Zen and the Art of Happiness

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Zen and the Art of Happiness

 By Chris Prentiss

As your believe, so it is for you.

Max owned a thriving sandwich shop. There was almost always people waiting in line to eat at his little shop. He gave away free pickles, free potato chips, sometimes a free soft drink, and his sandwiches were famous for being overstuffed.

One day his son, who lived in a distant city, came to visit. They had a good visit, but as the son was leaving, he told his father, “Since I’ve been here, I’ve been observing how you run the sandwich shop, and I have to tell you for your own good that you’re making a big mistake giving away all the extras.

The country’s economy is in bad shape. People are out of work, and they have less money to spend. If you don’t cut back on the free items and on your portion sizes, you’ll be in a bad way before long too. His father was amazed, thanked his son and told him he would consider his advice.

After his son left, Max followed his son’s advice. He stopped giving away free items and he cut back on the generous portions of food in his sandwiches. Before long, after many of his disappointed customers had stopped coming, he wrote to his son: ” You were right! The country’s economy is in bad shape, and I’m experiencing the results of it right here in my sandwich shop!”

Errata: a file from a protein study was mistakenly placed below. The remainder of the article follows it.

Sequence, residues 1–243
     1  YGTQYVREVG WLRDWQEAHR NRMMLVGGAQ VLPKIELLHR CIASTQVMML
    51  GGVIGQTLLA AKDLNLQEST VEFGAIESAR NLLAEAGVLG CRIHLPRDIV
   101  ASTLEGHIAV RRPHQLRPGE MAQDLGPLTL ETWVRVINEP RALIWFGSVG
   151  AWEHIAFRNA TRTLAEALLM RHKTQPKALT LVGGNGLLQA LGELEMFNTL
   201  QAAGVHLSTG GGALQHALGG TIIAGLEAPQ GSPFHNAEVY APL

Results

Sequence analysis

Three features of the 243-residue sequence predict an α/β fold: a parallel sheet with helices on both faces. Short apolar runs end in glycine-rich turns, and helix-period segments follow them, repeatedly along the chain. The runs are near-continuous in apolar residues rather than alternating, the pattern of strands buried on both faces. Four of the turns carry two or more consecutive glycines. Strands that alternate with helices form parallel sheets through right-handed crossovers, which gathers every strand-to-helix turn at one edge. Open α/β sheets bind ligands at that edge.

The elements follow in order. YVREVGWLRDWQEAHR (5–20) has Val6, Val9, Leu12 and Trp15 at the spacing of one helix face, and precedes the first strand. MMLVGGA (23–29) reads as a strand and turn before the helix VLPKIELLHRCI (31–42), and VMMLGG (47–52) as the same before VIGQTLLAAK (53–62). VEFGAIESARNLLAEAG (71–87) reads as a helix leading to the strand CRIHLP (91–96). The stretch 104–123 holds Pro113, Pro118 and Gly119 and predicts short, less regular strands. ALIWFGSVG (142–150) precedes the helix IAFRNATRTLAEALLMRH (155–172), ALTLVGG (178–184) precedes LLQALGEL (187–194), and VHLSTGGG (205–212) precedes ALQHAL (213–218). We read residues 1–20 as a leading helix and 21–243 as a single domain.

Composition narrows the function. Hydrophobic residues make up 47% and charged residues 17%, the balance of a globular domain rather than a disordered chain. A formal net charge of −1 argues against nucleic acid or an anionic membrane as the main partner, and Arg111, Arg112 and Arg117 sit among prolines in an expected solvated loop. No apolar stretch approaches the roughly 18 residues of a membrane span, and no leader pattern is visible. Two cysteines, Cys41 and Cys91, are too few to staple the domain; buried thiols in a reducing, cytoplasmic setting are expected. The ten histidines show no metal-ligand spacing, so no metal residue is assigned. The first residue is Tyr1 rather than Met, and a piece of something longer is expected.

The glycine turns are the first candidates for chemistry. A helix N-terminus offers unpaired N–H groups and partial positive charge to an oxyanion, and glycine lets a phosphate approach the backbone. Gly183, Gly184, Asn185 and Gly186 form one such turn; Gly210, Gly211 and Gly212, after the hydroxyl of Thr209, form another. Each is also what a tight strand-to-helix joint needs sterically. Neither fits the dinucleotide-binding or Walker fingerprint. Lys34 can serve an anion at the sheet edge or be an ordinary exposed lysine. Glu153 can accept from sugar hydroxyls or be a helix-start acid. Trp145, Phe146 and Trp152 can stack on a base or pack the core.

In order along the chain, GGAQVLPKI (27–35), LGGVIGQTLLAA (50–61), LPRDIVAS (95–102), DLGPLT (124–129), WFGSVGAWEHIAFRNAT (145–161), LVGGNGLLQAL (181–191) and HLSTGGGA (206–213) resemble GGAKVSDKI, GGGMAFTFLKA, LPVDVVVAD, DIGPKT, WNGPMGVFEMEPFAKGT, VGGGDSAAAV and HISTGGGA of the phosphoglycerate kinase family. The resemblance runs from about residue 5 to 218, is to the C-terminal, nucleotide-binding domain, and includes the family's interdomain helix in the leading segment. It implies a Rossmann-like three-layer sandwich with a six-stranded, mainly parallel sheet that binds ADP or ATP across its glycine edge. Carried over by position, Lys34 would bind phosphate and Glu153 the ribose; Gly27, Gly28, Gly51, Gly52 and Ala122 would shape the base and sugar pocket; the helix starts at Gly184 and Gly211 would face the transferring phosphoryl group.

The poor economy that the man’s son saw all around him were real. Despite the poor economy, though, the father had been running a successful sandwich shop. He didn’t realize that times were hard, that many people were out of work, and that money was scarce. He was treating everyone with great generosity and he was reaping the rewards that such actions always bring : a positive generous outpouring of good things. But after his son told him about the “Bad shape” the country was in, he began to act as if it were so, bringing about the only possible result – a negative, fearful, ungenerous experience of life, an experience that he believed was “out there.”

The books tells us about learning to think and feel positiviely, learning how to adapt to life’s inevitable changes. The theory is there, but it is not easy to put into practise. I will say that sometimes the happiest thing in life is to be able to have a peace of mind and be content.

He who has once known the contentment that comes simply through being content will never again be otherwise than contented. – Tao Te Ching

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